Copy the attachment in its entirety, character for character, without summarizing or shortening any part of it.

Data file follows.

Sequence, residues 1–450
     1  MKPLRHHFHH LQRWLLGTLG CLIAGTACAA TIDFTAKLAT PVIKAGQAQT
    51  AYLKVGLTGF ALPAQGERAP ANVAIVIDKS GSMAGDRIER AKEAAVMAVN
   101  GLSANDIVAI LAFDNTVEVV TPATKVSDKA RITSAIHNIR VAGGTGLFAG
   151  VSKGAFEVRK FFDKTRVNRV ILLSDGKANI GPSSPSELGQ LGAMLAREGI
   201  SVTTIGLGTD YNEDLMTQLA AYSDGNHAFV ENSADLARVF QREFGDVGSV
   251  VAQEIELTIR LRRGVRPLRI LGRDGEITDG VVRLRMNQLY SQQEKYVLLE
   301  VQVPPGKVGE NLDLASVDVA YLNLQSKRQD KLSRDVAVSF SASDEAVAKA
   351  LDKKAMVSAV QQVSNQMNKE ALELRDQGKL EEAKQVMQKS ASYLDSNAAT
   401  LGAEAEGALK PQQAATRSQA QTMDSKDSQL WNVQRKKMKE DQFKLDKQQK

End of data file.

Sequence, residues 1–450
     1  MKPLRHHFHH LQRWLLGTLG CLIAGTACAA TIDFTAKLAT PVIKAGQAQT
    51  AYLKVGLTGF ALPAQGERAP ANVAIVIDKS GSMAGDRIER AKEAAVMAVN
   101  GLSANDIVAI LAFDNTVEVV TPATKVSDKA RITSAIHNIR VAGGTGLFAG
   151  VSKGAFEVRK FFDKTRVNRV ILLSDGKANI GPSSPSELGQ LGAMLAREGI
   201  SVTTIGLGTD YNEDLMTQLA AYSDGNHAFV ENSADLARVF QREFGDVGSV
   251  VAQEIELTIR LRRGVRPLRI LGRDGEITDG VVRLRMNQLY SQQEKYVLLE
   301  VQVPPGKVGE NLDLASVDVA YLNLQSKRQD KLSRDVAVSF SASDEAVAKA
   351  LDKKAMVSAV QQVSNQMNKE ALELRDQGKL EEAKQVMQKS ASYLDSNAAT
   401  LGAEAEGALK PQQAATRSQA QTMDSKDSQL WNVQRKKMKE DQFKLDKQQK